1. Understand project making practices: what is the ideal process and what is hindering it?
2. Understand teachers and other stakeholders: what are challenges in implementing and popularizing project-based learning courses?
3. Understand students: how is the current learning experience for students in PBL courses, what are the major breakdowns?

Understanding Project Making

The purpose of the first round of research is to understand the ideal process of students’ project making practices and the challenges they face. We interviewed 4 PBL expert students with various backgrounds, and concluded the workflow of their project & portfolio making practices, their pain points during the process, and the insights we got from this round of research.

Key Insight

Process documentation plays an important role in project making practices, but students don't always do it well due to lack of habit formation.

Understanding Stakeholders

The purpose of the second round of user research is to understand the situation of PBL courses in WT school:
• How they are implemented?
• What is obstructing its implementation and popularization?
• What are the challenges from the perspective of different stakeholders?

We consolidated the qualitative data with affinity diagram and created a diagnostic map to synthesize the findings, analyze the causes and consequences of the problems the stakeholders are facing in PBL course, and put up potential solutions for them.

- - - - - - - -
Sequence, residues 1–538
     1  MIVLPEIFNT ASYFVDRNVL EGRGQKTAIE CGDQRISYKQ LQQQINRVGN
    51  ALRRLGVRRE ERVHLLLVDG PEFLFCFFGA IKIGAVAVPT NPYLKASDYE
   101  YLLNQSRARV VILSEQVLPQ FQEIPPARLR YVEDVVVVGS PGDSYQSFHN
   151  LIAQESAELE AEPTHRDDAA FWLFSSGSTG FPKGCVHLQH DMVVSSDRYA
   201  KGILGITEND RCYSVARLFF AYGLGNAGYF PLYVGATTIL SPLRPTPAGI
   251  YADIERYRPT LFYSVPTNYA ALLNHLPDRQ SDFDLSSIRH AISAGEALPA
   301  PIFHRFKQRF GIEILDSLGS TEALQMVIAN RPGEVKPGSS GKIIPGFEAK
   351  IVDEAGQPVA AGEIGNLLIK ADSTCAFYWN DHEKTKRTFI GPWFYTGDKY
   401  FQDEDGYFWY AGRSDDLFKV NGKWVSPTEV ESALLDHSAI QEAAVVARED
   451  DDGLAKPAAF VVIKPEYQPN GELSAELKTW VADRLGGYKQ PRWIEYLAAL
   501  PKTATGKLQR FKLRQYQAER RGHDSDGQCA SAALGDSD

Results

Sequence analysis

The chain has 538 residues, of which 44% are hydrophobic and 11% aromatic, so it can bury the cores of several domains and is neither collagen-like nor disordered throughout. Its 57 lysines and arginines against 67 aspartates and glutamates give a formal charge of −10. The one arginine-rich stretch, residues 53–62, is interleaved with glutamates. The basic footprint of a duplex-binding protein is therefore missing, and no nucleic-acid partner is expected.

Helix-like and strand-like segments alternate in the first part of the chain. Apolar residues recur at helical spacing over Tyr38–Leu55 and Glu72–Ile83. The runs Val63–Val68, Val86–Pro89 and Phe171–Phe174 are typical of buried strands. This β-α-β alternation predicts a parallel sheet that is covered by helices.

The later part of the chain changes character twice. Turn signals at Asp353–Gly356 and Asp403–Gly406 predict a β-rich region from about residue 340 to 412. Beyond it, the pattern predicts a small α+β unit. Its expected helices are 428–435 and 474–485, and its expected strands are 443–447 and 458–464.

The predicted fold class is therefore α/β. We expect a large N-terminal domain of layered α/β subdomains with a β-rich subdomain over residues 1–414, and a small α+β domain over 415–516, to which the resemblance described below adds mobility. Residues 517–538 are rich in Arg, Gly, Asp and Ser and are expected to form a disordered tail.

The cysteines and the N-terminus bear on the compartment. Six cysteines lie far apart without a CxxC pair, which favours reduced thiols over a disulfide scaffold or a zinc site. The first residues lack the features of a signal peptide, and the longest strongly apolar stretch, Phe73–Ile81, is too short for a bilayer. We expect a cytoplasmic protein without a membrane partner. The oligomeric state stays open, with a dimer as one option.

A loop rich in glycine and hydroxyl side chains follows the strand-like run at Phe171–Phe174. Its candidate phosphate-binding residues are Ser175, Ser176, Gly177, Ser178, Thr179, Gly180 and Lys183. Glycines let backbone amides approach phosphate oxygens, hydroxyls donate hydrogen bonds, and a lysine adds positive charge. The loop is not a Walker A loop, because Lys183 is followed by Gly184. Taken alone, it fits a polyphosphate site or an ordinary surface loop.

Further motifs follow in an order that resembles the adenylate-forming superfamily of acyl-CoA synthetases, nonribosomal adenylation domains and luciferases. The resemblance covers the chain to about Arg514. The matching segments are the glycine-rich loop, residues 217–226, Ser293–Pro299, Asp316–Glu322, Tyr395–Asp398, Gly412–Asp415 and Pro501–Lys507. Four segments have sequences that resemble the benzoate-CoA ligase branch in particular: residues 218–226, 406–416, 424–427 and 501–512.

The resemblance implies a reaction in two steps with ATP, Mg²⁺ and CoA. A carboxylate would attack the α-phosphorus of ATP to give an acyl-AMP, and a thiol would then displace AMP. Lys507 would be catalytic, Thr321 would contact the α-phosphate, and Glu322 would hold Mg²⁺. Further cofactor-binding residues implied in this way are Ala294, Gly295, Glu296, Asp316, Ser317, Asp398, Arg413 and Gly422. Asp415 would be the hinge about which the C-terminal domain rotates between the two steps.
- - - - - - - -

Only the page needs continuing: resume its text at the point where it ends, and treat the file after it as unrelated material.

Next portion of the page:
Key Insight

Students may need evidence for the progress and achievement they have made during the process of project making in order to encourage themselves when they encounter difficulties and feel frustrated.

It’s difficult for the students to keep track of their learning goals during project making process due to the unawareness from the beginning of the project and lack of targeted and in-time feedback from teacher along the process.

It’s difficult for the teacher to assess each student’s performance due to lack of evidence of each one’s contribution and improvement along the whole process, which is the key pain point for the teacher of PBL courses.

It’s important to showcase students’ improvement and achievements through PBL both for their parents to accept this innovative method of pedagogy and for them to apply for university

Understanding Students

The purpose of the third round of user research is to understand students’ behaviors and experience in project-based learning courses from their perspective.

To understand the learners in context, we observed a PBL class in WT school and sent out a survey to students who had previously completed project-based learning courses at Winchester Thurston School, and received feedback from 10  students.

Classroom Observation
Key Insight

Students need to have a more balanced share of work for each learning goal in team working in order to have new gains from project making instead of just doing what they are already good at.

Students lack targeted and in-time guidance and feedback from the teacher due to the varieties of their projects, and the limited time in class. Teacher also need some time to keep up with their progress.



With the problem space defined, we conducted a brainstorming session and came up with more than 20 concepts. After that, we discussed and refined the concepts into 10 storyboards.

Speed Dating